Outdoors Column: Spring Planning

My wife and I took an extended ride to check plan out strategy for next year’s food plots. The dogs were hunting enthusiastically. We are not sure what they were hunting, but they were doing a good job of it. Jag and Louie took off in opposite directions, each on the trail of something they thought needed to be hunted. We were well on our way to the turnip patch when they caught up with us again. Louie was out of breath, having run over hills and through the woods for a mile or so. Jag approached more slowly and unlike him, wanted to ride. He jumped in, shook his head, and sprayed blood all over us and the ATV. He apparently caught whatever he was hunting and it did not go well. He had a cut on his face and a tear on his ear. It is not unusual for him to attack a raccoon twice his size. He usually wins the fight, but I am not sure about this time. A few minutes pampering and he wanted to get back out to continue exploring.


I spotted a shed antler in the pasture ahead of us which rekindled our desire to find more. We walked hills, woods, and ditches in search of the antlers left behind by the bucks roaming the farm. For as many deer as we have, a person would think there would be antlers all over the place. Such is not the case. At least, if they are, they are not easy to spot. My wife did find a pair together on a hillside only inches apart. It looked like a young ten point buck had laid down to rest in the sunshine and when he stood up, his antlers fell off.


At the turnip patch food plot, the ground had been turned and every turnip was gone. During the cold weather, every deer in the area must have moved in and dug up turnips. Where hundreds of turnips had been, only pock marked ground remained. Another food plot was planted to wheat last year. At the time of planting, I had a few pounds of okra seed left over. I thought it would be interesting to see if any wildlife liked okra, so I planted all the seed along the edge. During the spring, turkeys enjoyed the wheat. The wheat that matured was eaten by the deer in the fall. Nothing ate the okra except a few eaten by my wife and me during the summer. Thousands of dried okra pods remained on the stalks until the really cold weather in January. It was then, the deer decided they did indeed like okra. In a few weeks, every okra pod was stripped from the stalks and eaten.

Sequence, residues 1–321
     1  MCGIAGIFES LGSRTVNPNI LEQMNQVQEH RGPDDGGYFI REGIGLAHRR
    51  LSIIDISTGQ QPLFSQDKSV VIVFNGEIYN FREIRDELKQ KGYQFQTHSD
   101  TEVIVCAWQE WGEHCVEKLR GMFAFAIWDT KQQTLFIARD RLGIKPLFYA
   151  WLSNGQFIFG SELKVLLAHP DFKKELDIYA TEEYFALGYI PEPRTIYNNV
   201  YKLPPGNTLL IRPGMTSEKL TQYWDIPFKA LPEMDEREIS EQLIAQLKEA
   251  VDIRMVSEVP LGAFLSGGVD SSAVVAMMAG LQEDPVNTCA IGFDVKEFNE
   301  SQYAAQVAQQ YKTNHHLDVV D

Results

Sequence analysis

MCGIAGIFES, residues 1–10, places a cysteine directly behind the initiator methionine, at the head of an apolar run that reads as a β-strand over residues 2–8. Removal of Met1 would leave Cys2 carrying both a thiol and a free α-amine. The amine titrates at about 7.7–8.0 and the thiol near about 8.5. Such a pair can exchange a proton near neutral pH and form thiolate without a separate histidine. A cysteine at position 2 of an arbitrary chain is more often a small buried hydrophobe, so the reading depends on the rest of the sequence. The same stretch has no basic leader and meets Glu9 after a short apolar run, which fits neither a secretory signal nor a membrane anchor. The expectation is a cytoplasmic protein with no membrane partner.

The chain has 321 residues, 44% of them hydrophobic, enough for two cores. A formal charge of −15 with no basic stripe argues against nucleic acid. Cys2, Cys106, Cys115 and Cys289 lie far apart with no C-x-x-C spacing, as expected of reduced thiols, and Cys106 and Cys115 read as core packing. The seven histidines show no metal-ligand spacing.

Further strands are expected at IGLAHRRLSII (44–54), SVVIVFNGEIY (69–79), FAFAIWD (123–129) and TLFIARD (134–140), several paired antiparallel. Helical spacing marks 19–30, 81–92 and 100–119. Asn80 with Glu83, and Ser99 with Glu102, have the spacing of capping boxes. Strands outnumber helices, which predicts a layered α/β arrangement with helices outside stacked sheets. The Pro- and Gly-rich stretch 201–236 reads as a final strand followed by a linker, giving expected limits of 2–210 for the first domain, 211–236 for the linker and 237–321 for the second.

The alfalfa food plot looked pretty rough. Everything likes alfalfa. When a young shoot would pop out of the ground last spring, a deer would nip it off. Turkeys would scratch around and take plants out by the roots. Any lonely alfalfa sprouts that survived were eaten off close to the ground by rabbits that live in a nearby brush pile. I was hoping not, but I think I will have to replant this plot also.


By late afternoon, we had walked, hiked, and driven several miles around the farm. The dogs were as tired as my wife and I. Everybody had sore muscles but Jag seemed to be moving the slowest. A big fight as well as a long hike will slow down even the toughest in the group.